The first, biggest change at the strategic level has been China’s big push into the solar market. The country’s massive economies of scale have brought the price of solar down to the point at which it’s price-competitive with coal in many areas of the country. In fact, some states have embraced solar so completely that it now accounts for a majority of their power generation. Hawaii, for example, doesn’t even need to turn its diesel generators on if it’s a sunny day. Solar provides 100% of their daily power needs. An extreme case? Sure, but it clearly shows the trend. A lot of that is thanks to China’s entry into the global solar market.
Another big change where electricity generation is concerned is in storage. Over the past ten years, battery capacity has doubled, then doubled again, while the price has fallen by more than half. This has made possible, to cite one example the Tesla with its 300 mile per charge capacity, and there’s more on the way. Elon Musk, the owner of Tesla Motors, has invested a staggering five billion dollars into a state-of-the art battery facility, right here in the United States.
As the nation continues to embrace renewables, another change, the importance of which cannot be overstated, is the fact that our power generation is becoming increasingly decentralized. Net metering laws in a majority of states is helping this along greatly. What it means is that individual people and businesses are taking an increasing role in providing at least some of their own power and making up the difference by tapping into the grid. Some companies, such as Google, actually aim as part of their business plan to be a net power producer, turning the generation of electricity into a profit center instead of having to pay a monthly bill to the power company.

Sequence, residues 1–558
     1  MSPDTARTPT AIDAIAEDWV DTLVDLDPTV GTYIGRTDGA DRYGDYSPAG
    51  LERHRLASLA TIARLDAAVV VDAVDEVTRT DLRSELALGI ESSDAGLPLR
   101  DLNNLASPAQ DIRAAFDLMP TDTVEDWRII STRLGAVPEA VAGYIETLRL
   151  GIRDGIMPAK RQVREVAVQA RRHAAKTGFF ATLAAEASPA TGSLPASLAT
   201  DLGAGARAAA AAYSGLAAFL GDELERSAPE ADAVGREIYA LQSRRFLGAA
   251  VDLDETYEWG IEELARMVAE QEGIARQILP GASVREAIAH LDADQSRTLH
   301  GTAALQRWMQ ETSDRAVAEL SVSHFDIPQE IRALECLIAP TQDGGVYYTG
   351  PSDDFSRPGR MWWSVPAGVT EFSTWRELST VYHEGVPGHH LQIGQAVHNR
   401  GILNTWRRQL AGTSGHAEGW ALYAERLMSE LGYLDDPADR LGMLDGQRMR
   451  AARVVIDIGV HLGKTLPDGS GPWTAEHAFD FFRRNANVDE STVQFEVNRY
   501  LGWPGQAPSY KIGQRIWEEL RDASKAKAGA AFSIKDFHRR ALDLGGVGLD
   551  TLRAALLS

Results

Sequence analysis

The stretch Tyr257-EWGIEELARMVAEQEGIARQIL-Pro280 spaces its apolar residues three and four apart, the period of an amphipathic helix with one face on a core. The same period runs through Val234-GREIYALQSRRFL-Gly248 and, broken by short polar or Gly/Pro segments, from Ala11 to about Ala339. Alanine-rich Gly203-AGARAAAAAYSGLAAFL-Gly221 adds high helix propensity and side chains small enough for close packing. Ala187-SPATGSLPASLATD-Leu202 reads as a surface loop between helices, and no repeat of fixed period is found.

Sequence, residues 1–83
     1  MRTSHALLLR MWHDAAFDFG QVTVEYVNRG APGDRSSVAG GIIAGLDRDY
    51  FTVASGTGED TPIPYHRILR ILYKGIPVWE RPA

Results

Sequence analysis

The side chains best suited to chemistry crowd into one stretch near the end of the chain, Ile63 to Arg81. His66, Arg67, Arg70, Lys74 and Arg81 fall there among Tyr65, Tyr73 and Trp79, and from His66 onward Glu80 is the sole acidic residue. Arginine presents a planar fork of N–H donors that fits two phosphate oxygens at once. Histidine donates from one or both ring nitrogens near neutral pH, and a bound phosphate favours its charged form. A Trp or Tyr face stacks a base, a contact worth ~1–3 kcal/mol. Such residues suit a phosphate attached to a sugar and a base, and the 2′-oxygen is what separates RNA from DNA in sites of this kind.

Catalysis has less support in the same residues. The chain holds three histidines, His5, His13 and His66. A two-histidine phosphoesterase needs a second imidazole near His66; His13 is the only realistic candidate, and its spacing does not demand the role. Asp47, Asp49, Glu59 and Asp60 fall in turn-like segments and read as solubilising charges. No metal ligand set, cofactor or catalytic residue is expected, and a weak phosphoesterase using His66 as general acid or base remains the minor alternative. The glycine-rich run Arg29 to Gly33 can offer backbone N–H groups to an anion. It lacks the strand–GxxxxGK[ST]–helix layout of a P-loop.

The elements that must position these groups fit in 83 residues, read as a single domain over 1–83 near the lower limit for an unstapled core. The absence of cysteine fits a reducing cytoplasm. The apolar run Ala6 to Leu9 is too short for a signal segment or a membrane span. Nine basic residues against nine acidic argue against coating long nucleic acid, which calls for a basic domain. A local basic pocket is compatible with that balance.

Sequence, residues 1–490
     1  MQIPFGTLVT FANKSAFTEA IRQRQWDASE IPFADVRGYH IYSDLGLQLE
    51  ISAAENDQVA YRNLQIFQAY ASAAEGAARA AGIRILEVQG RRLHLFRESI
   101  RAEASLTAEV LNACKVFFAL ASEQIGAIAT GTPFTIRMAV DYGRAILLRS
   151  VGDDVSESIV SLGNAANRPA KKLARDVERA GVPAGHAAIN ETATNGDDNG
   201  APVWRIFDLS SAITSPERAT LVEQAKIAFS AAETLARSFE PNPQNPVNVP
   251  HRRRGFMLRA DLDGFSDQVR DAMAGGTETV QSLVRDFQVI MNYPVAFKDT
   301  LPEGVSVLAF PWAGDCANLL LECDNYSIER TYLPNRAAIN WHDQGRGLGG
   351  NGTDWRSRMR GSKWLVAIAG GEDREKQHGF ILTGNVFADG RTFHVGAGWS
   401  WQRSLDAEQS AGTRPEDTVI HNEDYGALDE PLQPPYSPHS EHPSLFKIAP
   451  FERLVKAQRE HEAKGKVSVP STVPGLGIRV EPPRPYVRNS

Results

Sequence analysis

What About Oil?
It is true – the price of oil has been quite low in recent years, causing some to speculate that the low cost per barrel will derail the huge run that renewables have had. This, however, misses a compelling point. Most people get their electricity from coal-fired plants, not oil-driven plants. Thus, the price of a barrel of oil, whatever it is, doesn’t have any real impact on the overall cost of generating electricity.
Aside from that, consider the following scenario. Two investment options. One has a cost curve that has been steadily and consistently plunging for decades. The other is subject to sharp spikes upwards and downwards, but has historically tended upwards, which investment would you make?
The former describes the cost curve for solar, while the latter describes the cost curve for oil. Solar and other renewables are now firmly entrenched in our economy. They’re the way forward and they’re transforming energy markets, which in turn, are transforming every business that relies on electricity, which is to say all of them.